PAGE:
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Research Papers

CFD and PTV Steady Flow Investigation in an Anatomically Accurate Abdominal Aortic Aneurysm

[+] Author and Article Information
Evangelos Boutsianis, Ufuk Olgac

Laboratory of Thermodynamics in Emerging Technologies, Department of Mechanical and Process Engineering, ETH Zurich, 8092 Zurich, Switzerland

Michele Guala, Klaus Hoyer

Institute of Environmental Engineering, ETH Zurich, 8092 Zurich, Switzerland

Simon Wildermuth

Institute of Diagnostic Radiology, University Hospital of Zurich, Raemistrasse 100, 8091 Zurich, Switzerland

Yiannis Ventikos

Department of Engineering Science, University of Oxford, Parks Road, Oxford OX1 3PJ, UK

Dimos Poulikakos1

Laboratory of Thermodynamics in Emerging Technologies, Department of Mechanical and Process Engineering, ETH Zurich, 8092 Zurich, Switzerlanddimos.poulikakos@ethz.ch

Somatom Volume Zoom, Siemens Medical Solution, Erlangen, Germany.

CARE Bolus System, Siemens Medical Solution, Forchheim, Germany.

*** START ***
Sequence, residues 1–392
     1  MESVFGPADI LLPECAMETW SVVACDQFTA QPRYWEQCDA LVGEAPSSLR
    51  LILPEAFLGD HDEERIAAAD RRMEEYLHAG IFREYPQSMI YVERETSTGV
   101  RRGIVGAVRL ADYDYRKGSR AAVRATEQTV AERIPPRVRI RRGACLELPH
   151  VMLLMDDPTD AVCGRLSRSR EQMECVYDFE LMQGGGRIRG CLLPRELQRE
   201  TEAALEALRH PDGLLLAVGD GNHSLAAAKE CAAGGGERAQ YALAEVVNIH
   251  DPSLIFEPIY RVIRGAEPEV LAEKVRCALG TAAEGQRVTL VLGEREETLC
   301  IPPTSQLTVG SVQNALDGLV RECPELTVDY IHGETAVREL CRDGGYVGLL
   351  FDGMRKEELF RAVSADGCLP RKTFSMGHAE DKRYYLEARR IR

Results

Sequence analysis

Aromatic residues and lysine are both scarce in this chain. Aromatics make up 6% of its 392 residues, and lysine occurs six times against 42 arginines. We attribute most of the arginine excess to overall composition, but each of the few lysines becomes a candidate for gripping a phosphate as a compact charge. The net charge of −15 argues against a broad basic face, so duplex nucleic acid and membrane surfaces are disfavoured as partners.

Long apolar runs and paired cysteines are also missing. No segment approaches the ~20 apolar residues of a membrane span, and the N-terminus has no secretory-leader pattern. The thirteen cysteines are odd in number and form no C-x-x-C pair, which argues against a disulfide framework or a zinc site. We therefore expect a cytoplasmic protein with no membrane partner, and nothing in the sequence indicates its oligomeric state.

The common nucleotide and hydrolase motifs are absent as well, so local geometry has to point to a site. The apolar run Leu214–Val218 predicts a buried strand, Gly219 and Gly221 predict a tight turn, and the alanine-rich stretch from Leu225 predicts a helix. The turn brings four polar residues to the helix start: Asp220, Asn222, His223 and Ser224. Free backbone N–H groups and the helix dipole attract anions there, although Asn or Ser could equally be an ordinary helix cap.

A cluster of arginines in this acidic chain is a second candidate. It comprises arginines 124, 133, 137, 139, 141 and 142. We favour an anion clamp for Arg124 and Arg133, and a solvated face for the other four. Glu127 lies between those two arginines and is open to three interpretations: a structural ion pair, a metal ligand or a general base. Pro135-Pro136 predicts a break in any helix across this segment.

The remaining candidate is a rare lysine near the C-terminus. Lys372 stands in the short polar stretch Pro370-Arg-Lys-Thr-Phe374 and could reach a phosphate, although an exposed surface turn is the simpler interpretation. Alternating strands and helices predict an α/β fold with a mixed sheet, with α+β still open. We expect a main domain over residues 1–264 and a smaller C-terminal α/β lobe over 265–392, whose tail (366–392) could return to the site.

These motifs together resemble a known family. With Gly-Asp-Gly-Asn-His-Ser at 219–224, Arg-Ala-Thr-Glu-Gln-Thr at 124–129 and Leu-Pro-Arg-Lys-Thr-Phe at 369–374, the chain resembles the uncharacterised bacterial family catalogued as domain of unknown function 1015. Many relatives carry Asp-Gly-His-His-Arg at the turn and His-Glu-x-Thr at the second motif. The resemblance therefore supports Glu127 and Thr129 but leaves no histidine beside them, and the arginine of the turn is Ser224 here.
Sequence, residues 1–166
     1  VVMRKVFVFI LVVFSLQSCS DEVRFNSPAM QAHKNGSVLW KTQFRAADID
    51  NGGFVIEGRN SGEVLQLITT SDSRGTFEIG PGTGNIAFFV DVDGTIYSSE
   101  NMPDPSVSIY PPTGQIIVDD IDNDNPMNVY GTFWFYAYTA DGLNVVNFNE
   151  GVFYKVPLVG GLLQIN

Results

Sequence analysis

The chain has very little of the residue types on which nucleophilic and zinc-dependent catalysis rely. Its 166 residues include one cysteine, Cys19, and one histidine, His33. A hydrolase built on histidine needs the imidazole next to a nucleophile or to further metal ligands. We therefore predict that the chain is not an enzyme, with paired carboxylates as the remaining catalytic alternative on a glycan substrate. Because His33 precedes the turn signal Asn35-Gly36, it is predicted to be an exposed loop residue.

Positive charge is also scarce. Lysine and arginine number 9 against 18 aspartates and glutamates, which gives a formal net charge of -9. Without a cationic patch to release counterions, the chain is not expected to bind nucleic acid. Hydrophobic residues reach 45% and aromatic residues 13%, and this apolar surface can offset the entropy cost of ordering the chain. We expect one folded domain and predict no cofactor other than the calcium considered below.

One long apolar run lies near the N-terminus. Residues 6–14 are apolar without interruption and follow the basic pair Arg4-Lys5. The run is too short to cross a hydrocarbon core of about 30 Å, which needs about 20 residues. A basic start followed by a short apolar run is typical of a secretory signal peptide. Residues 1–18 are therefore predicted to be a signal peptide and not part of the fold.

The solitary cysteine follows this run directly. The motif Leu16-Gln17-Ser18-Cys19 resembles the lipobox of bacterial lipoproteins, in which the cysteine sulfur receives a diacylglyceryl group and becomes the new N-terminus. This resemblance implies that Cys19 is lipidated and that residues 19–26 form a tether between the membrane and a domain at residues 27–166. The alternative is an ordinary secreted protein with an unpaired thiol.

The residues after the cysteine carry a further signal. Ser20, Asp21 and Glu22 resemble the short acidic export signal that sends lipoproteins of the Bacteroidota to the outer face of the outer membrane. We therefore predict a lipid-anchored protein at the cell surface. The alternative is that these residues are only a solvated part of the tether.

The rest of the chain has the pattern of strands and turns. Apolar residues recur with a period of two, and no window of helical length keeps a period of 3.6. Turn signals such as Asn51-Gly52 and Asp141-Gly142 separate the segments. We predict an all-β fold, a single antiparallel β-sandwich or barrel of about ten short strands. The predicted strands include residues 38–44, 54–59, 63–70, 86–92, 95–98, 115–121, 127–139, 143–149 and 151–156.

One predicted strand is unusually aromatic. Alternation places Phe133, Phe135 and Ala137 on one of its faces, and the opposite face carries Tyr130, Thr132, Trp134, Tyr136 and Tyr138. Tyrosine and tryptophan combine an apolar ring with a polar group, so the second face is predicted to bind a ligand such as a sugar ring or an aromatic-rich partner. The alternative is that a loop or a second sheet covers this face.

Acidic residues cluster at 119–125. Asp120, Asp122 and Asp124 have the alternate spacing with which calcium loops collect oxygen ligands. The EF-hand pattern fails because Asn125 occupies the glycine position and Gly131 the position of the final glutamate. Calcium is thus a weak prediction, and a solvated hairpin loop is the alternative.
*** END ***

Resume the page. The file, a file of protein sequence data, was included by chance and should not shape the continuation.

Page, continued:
Visipaque 320, Amersham Health, Buckinghamshire, United Kingdom.

Mercury Computer Systems Inc., Duesseldorf, Germany.

Elastrat Sàrl, Geneva, Switzerland.

Eclipse, Bellingham & Stanley Ltd.

KROHNE Altometer IFC 080, KROHNE Messtechnik GmbH & Co. KG, Duisburg, Germany.

The Dow Chemical Company, http://www.dow.com/glycerine/resources/table18.htm.

Fastcam-ultima APX.

Nikkor.

HTI 400, Osram.

Fluent Inc., Darmstadt, Germany.

ESI Group CFD, Paris, France.

Laboratory of Thermodynamics in Emerging Technologies, ETH Zurich.

Institute of Environmental Engineering, ETH Zurich.

Institute of Diagnostic Radiology, University Hospital of Zurich.

1

Corresponding author.

J Biomech Eng 131(1), 011008 (Nov 21, 2008) (15 pages) doi:10.1115/1.3002886 History: Received July 18, 2007; Revised June 27, 2008; Published November 21, 2008